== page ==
Shifts in the SaaS Industry
Cloud technology has changed the way most companies do business today. Where that is most apparent is in the Software-as-a-Service sector. The Application Service Provider model preceded Software as Service before cloud technology became prevalent. Having worked at an ASP in the early 2000s, it was apparent we were pushing the limit on features but the technology just wasn’t there to keep up with demand and provide a good client experience. But as technology caught up, businesses saw a way to leverage cloud and other emerging technologies to meet client demand.
Just one problem: most didn’t know what they were getting into.
Moving to the cloud is a no-brainer for most companies, but if you’re a SaaS provider you have an extra set of challenges you need to address before you move into the cloud. Unfortunately, there was no handbook for moving to the cloud and most went in feet first without understanding what business problems they were trying to solve for.
Even in 2017, this industry faces the same challenges today it faced back in the ASP days.
Most companies took their on-premise delivered software and simply virtualized it and stuck it in some cloud. While from a technical perspective this worked, it really didn’t take advantage of any cloud capabilities. First, these installs were still single-tenant – this required a manual build of all servers needed for an install along with manual configuration for each client. This may have saved some travel cost but it didn’t address the time to provision problem. What was blatantly obvious is that most of these applications needed to be redesigned and architected to be multi-tenant (if possible) with an application and front-end stack designed to take on load based on time of day and seasonality. This required a lot of development time which most companies didn’t anticipate.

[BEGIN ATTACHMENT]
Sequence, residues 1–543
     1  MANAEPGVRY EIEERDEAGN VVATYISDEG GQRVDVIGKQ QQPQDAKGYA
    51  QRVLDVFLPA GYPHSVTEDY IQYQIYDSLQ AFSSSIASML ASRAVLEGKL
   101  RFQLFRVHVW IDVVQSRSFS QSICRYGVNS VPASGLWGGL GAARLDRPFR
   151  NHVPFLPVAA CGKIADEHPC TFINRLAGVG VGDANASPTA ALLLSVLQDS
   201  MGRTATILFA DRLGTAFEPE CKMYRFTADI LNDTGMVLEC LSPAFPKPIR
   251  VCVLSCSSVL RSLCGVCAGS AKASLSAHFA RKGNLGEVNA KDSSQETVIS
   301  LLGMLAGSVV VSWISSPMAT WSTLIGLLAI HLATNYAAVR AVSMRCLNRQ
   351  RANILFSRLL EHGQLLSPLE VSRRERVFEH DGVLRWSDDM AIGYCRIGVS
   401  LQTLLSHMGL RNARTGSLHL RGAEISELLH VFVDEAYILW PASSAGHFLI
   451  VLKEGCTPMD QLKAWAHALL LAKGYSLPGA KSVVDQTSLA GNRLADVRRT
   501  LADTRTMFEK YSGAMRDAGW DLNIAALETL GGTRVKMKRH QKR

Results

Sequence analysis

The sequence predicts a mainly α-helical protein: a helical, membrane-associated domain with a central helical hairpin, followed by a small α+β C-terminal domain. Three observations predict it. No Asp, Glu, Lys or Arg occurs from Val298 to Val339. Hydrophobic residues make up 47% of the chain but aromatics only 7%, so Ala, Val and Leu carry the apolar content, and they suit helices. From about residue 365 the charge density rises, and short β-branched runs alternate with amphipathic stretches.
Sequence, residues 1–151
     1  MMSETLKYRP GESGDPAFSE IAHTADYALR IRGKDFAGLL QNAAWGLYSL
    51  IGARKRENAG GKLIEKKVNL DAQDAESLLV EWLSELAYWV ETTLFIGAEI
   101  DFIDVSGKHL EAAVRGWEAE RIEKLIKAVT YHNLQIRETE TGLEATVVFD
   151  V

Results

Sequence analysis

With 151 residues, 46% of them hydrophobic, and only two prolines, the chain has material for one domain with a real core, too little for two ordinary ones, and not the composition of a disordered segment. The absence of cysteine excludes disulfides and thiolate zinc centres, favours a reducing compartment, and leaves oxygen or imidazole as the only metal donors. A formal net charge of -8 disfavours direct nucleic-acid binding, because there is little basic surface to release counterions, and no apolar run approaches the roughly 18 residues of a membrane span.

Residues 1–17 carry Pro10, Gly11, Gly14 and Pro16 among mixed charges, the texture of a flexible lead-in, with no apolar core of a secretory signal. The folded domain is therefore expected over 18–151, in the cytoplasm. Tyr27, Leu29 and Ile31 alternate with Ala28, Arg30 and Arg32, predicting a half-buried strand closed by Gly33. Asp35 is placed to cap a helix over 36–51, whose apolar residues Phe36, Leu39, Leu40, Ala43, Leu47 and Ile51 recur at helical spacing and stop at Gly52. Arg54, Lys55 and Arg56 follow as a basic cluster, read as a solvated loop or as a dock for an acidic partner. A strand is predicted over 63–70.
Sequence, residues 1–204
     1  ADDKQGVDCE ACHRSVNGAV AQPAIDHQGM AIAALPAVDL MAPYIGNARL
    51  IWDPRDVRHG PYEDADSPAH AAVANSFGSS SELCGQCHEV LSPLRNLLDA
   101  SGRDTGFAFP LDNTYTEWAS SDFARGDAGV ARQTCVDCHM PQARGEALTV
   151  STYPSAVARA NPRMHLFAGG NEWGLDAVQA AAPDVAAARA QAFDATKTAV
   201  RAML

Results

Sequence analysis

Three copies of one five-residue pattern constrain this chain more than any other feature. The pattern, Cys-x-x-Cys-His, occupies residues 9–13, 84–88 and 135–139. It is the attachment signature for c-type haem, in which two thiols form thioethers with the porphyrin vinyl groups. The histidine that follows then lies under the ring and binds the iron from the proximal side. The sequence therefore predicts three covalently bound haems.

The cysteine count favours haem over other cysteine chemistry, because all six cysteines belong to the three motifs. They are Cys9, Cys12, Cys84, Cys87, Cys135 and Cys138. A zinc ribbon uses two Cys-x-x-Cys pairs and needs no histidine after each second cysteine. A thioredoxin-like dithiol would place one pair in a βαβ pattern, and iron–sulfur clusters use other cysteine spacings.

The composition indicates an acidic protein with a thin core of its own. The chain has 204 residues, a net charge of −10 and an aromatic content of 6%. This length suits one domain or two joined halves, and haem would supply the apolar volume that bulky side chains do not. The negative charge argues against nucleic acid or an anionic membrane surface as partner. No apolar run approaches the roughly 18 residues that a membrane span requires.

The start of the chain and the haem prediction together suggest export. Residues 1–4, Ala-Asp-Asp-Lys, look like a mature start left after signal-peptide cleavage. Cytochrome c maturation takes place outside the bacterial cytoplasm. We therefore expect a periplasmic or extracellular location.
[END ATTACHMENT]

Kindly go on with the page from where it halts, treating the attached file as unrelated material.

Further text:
Along with not taking advantage of native cloud technologies, we see another trend in that SaaS providers are not taking Dev/Ops seriously. This is a philosophy which should be adopted in the early stages of cloud migrations which, when implemented correctly, could solve for a lot of challenges businesses face. The ability to have developers update and enhance applications more efficiently without the need for all of operations to get involved is a serious time saver. Employing a Dev/Ops methodology would also give SaaS providers the ability to scale or retract their application and add additional resources and capacity, all based on load.
More and more, there is a push to add features and functionality to a SaaS product when the client experience isn’t factored in, and in most cases is suffering. This is apparent when giants like Apple change anything in their IOS or Facebook changes its layout. Humans are a creature of habit, so changing the location of anything on your website could have major ramifications if there isn’t proper quality assurance. Client satisfaction should be the driving force for any SaaS provider; competition is too stiff and users will go elsewhere quickly.
Security should go without saying but it’s still an area of trouble for SaaS providers. Designing software with a mass user base, often involving personal information, should not be taken lightly. The end-user expects that their information will be kept private and will not be sold to another firm, and that they will be notified immediately in case of a breach. Hackers know a central repository of this information is a gold mine – and mine they do, especially if the data contains financial or healthcare information. If your SaaS isn’t designed with security as the focal point, then it’s only a matter of time before you are left behind.